Svitlana Melnyk (Slavic) and Veronika Trotter are co-authors/presenters of “Project-based Learning with Wikipedia in Advanced Russian Class” on TeachRussian.
Joanna Niżyńska (Slavic) is co-editor (along with Tamara Trojanowska and Przemysław Czapliński, with the assistance of Agnieszka Polakowska) of Being Poland: A New History of Polish Literature and Culture since 1918 (University of Toronto Press, 2018), a comprehensive reference work that offers a unique analysis of the cultural developments that took place in Poland after World War One, a period marked by Poland’s return to independence, and serves to expose an international audience to the explosion of Polish literature and film that emerged in the twentieth century. The Polish translation of her Kingdom of Insignificance: Miron Białoszewski and the Quotidian, the Queer, and the Traumatic has been nominated for “the Best 2018 Book on Gender Award.”
Alexander Rabinowitch (History, emeritus). See The News Article.
Mark Roseman (History/Jewish Studies) delivered a public lecture entitled “Die Rettung der Geschichte. Hilfe für Juden im Dritten Reich aus unterschiedlichen zeitlichem Blickwinkel“ [The rescue of History. Help for Jews in the Third Reich viewed from different points in time] at the Fritz Bauer Institut, Frankfurt in May. The German talk can be heard online at: https://www.fritz-bauer-institut.de/audioarchiv/vortrag-mark-roseman-2019. With the Polish journalist and author Anna Bikont he took part in “History and memory of the rescue of Jews during the Holocaust – a meeting with Anna Bikont and Mark Roseman”, a public event at the Polish Historical Center PAN Zentrum für historische Forschung Berlin der Polnischen Akademie der Wissenschaften in Berlin in May. In June, he delivered a lecture entitled “Surviving with a vengeance? Fears and realities of Jewish Revenge after the Holocaust,” at the conference Gewalt im Nachkrieg. Postwar Violence 1945-1949, organized by the NS-Dokumentationszentrum in Munich. His Lives, reclaimed. A story of rescue and resistance in Nazi Germany appeared with Metropolitan Books in August. In addition, he has been appointed General Editor for the Cambridge History of the Holocaust, a four-volume Cambridge History with roughly 110 contributors, projected to appear in 2022. He delivered “Teaching and Scholarship on the Holocaust in the United States” at the Atheneum in Indianapolis, an event featured in the Indianapolis-based Year of German-American Friendship that began in October, 2018. He also authored the op-ed “Finding inspiration in an anti-Nazi resistance group” that was published in the LA Times digital and print editions, on Sunday, September 15.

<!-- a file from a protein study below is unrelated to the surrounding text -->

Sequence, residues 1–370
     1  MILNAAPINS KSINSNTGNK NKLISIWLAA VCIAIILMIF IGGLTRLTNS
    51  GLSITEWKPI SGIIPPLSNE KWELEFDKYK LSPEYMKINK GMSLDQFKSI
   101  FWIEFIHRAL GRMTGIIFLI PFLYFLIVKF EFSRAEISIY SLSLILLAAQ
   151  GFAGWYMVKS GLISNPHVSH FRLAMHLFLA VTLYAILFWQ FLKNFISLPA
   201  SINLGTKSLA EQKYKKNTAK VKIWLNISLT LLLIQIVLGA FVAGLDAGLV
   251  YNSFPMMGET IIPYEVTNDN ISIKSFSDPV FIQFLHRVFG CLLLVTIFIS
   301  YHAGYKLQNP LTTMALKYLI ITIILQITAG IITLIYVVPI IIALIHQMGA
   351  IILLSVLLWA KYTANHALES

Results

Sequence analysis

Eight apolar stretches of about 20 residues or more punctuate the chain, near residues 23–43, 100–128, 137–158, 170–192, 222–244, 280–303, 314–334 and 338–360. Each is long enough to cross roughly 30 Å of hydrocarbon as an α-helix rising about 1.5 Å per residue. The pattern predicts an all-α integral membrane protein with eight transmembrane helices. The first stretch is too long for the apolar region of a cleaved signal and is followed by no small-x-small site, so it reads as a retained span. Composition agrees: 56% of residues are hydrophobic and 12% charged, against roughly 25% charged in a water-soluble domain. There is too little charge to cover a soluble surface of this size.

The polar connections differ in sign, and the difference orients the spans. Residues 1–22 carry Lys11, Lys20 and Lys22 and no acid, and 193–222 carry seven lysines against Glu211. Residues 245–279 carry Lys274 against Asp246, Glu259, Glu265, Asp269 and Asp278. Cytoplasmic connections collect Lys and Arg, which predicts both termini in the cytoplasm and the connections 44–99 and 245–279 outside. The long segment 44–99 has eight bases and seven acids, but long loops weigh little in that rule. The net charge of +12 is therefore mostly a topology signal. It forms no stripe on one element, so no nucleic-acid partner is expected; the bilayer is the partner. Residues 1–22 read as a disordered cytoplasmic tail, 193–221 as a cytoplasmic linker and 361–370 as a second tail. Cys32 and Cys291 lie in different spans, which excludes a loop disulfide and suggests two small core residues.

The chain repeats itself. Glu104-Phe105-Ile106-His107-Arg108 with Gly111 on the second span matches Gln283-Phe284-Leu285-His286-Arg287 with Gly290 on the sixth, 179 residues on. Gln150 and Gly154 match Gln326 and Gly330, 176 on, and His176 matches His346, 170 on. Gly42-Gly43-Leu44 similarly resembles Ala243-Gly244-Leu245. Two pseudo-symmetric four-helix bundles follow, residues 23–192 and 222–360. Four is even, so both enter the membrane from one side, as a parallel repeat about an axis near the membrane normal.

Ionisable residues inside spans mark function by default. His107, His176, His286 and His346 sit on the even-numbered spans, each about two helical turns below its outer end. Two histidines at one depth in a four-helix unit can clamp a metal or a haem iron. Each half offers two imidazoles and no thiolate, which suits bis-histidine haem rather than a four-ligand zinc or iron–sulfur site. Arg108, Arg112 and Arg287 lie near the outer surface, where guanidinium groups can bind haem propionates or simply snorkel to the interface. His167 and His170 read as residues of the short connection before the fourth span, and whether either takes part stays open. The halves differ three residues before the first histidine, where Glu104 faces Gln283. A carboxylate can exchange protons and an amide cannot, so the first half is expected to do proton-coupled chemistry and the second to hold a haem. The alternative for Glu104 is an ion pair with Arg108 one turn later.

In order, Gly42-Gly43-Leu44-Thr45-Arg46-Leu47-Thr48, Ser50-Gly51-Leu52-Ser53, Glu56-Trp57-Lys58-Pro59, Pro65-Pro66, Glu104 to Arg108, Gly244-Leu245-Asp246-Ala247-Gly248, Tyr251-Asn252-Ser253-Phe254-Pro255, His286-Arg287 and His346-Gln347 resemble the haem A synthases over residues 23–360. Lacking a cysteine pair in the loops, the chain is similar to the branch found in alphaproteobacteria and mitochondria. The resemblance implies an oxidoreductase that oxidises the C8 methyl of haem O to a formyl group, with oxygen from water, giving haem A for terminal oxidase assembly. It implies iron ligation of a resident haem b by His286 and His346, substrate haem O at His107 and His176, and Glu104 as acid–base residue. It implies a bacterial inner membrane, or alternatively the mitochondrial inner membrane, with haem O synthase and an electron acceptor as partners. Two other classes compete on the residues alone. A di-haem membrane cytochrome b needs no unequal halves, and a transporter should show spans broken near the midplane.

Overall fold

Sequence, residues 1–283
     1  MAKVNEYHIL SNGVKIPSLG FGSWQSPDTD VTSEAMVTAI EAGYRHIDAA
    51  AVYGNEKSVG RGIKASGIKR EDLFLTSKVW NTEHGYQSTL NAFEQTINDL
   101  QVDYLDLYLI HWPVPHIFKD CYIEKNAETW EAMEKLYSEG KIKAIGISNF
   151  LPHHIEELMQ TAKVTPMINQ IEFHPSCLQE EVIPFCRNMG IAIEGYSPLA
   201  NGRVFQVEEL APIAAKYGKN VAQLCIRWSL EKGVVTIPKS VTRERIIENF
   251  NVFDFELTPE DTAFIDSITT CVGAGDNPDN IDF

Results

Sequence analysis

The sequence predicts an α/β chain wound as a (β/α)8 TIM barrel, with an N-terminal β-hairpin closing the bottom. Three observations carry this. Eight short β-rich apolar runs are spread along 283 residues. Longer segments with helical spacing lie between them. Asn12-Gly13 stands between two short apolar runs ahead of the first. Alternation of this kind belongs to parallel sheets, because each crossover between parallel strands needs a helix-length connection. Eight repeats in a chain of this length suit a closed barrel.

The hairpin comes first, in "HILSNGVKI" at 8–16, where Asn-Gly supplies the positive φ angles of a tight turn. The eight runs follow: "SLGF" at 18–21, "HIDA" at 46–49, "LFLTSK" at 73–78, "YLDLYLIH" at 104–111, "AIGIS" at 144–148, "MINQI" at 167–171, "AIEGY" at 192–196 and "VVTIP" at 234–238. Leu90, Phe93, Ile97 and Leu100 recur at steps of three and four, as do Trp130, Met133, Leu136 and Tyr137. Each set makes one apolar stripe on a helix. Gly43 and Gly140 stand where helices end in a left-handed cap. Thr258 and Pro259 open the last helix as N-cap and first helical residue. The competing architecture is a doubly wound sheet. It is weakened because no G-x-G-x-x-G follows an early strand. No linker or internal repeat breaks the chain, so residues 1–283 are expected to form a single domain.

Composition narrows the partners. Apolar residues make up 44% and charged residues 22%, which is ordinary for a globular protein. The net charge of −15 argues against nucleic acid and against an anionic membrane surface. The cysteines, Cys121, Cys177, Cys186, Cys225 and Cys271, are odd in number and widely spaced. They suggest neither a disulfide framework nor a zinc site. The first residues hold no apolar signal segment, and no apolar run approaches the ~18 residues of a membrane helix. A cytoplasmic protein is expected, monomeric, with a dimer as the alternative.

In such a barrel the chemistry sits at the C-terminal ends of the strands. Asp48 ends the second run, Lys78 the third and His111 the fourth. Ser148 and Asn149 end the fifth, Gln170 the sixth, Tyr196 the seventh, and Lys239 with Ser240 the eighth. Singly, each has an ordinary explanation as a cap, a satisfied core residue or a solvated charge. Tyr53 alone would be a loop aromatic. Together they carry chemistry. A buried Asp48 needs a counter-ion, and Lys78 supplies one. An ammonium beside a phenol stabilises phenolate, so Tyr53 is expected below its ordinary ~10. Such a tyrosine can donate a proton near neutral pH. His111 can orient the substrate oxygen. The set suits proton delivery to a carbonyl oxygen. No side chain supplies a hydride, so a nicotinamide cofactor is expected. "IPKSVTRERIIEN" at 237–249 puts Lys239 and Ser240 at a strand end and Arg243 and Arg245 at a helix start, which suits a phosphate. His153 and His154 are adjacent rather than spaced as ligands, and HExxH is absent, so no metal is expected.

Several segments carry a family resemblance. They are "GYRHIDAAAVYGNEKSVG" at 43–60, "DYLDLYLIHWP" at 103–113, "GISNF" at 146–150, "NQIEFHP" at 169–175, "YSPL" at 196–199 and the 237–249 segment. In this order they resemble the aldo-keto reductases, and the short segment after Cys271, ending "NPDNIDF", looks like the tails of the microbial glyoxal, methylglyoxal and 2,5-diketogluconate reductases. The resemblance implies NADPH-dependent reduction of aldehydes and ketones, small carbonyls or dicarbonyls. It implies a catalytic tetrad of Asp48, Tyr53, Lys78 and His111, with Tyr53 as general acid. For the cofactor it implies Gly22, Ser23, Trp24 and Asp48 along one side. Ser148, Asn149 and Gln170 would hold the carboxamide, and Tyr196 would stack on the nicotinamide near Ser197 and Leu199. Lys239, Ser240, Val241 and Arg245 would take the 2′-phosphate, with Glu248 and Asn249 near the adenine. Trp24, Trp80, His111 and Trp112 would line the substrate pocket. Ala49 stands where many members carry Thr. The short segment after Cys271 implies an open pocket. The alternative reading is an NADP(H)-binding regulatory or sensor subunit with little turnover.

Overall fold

Veronika Trotter (Libraries) has published "A Digital Voice for Russian Rock: Perspectives on Digitization of Russian Rock Zines" in Slavic & East European Information Resources (Volume 20, 2019 - Issue 1-2: Digital Humanities in Slavic, East European, and Eurasian Studies). She and Svitlana Melnyk are also co-authors/presenters of “Project-based Learning with Wikipedia in Advanced Russian Class” on TeachRussian. In November, she spoke on digitization of Russian rock zines as a featured panelist at the on-line Non-Traditional Publishing Workshop, hosted by Blackboard Ultra.